Harvard opened its gates on iTunesU and last month I learned about it through Open Culture (a blog you all must follow). Among the supply is Michael Sandel teaching his students about Justice (Justice with Michael Sandel). These sessions are extremely professionally recorded on video and vodcast in 12 issues. In spite of the great video, I would say you will not miss much, if anything at all, if you treat this series as an audio podcast (feed). The point is to hear Sandel and his lively interaction with the students. The few clips and slides can be easily caught without seeing them.
The first lecture video (Moral side of Murder on YouTube) takes the students down the path of consequentialism and utilitarianism. In stead of defining these concepts on morality, Sandel throws carefully tailored cases with moral dilemmas at the students and lets them sort out their evaluations. At this point the aim is to teach them consequentialism and introduce them to utilitarianism and so the cases are designed to let them make decisions about outcomes and the sacrifice of a few for the good of the many. This is continued in the second lecture where finally the opposition is met: categorical ideas of Justice.
I am always surprised how people are willing to take on these cases, especially if they are not based on real occurrences and how they agree to stay within the confines of the question. How can you possibly make decisions about running a trolley into either five workers, or one worker down the road? If you take a bit more time to evaluate these riddles, or if you have done so in the past, it may come as a bit of a disappointment that the students do not challenge Sandel a bit more. In spite of this slight drawback, the advantage is that Sandel remains in total control and has ample to guide even the most inexperienced listener into the tricky world of evaluations of Justice. I will surely take this course on until the end and keep you updated.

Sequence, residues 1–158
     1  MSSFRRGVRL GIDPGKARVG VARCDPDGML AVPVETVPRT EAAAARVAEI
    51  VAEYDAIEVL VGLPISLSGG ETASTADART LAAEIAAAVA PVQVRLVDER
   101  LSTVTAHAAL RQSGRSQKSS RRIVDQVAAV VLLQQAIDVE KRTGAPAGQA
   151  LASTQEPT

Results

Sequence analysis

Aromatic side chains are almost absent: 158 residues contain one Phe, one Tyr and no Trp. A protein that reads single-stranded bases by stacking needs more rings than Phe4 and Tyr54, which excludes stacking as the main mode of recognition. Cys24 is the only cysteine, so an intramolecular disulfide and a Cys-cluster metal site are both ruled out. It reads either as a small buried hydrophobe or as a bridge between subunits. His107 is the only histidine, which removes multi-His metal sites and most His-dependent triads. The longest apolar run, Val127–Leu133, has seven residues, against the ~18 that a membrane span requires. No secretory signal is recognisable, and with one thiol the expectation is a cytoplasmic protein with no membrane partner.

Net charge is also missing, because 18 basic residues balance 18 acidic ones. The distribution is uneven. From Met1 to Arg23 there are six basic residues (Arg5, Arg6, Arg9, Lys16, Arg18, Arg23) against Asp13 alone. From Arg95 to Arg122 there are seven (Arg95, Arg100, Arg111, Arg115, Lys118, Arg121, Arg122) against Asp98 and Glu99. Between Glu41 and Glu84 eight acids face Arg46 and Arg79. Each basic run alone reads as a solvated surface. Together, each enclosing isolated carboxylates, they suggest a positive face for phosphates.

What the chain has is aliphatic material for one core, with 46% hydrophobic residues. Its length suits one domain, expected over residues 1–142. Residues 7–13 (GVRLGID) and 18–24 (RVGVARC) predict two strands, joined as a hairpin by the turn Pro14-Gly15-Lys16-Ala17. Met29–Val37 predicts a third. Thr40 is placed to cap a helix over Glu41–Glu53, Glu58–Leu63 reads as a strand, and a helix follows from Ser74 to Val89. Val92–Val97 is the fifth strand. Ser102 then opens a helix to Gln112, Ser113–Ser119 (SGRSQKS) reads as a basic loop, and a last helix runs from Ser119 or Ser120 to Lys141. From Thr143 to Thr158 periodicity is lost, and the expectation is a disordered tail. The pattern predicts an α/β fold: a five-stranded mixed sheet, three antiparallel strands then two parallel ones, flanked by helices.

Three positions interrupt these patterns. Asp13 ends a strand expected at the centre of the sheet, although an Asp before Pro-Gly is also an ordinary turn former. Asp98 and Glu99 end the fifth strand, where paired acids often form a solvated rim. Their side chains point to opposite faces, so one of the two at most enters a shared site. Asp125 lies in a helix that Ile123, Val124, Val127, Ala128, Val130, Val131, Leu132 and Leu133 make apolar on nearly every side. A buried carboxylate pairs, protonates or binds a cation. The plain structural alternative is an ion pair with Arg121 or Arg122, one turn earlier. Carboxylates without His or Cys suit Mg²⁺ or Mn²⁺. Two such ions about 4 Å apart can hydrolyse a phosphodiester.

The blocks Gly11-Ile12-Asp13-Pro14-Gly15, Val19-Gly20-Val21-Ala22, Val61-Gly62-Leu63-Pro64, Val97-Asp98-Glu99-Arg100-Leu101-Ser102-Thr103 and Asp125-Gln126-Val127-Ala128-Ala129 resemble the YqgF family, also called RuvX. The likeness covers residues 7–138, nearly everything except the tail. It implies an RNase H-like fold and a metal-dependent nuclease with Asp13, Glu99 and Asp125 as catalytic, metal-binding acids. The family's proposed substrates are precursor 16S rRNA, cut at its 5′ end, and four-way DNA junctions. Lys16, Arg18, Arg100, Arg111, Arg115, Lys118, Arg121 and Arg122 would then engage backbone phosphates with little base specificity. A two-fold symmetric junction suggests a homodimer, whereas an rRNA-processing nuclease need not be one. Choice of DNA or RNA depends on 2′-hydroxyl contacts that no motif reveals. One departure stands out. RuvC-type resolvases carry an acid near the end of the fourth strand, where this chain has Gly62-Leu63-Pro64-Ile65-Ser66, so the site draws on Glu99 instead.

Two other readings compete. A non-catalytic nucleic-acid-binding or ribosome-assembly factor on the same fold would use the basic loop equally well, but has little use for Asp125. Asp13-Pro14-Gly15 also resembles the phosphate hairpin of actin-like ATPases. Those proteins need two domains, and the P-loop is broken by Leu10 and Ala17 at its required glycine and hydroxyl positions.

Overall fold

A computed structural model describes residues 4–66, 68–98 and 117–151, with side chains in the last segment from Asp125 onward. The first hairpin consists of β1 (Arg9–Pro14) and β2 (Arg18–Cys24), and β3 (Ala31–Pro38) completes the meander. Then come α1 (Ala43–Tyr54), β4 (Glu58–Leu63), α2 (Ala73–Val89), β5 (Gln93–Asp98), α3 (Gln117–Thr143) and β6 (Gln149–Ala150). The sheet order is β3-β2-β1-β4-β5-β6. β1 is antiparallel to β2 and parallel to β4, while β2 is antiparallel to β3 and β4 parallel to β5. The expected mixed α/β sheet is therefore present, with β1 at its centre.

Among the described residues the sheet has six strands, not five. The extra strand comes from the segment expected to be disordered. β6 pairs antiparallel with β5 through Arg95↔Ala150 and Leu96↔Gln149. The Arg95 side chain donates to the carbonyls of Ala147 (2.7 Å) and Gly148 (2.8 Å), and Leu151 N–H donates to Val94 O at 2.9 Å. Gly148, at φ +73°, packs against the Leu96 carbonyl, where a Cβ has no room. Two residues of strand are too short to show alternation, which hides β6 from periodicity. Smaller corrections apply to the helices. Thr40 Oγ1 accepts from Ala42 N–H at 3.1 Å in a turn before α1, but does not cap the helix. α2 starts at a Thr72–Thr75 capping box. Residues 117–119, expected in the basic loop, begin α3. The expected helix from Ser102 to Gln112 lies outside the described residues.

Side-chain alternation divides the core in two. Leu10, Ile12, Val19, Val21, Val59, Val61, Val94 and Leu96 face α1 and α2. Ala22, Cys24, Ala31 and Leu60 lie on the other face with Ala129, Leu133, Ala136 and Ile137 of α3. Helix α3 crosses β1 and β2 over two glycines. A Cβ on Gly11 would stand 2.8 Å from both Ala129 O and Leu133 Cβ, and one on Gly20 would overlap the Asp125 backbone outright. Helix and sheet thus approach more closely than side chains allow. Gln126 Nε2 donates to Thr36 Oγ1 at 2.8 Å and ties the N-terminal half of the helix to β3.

More Michael Sandel:
Michael Sandel - LSE / UChannel,
A new politics of the common good,
The bioethics concern,
Morality in Politics,
Morality and the Market,
Michael Sandel - Philosophy Bites.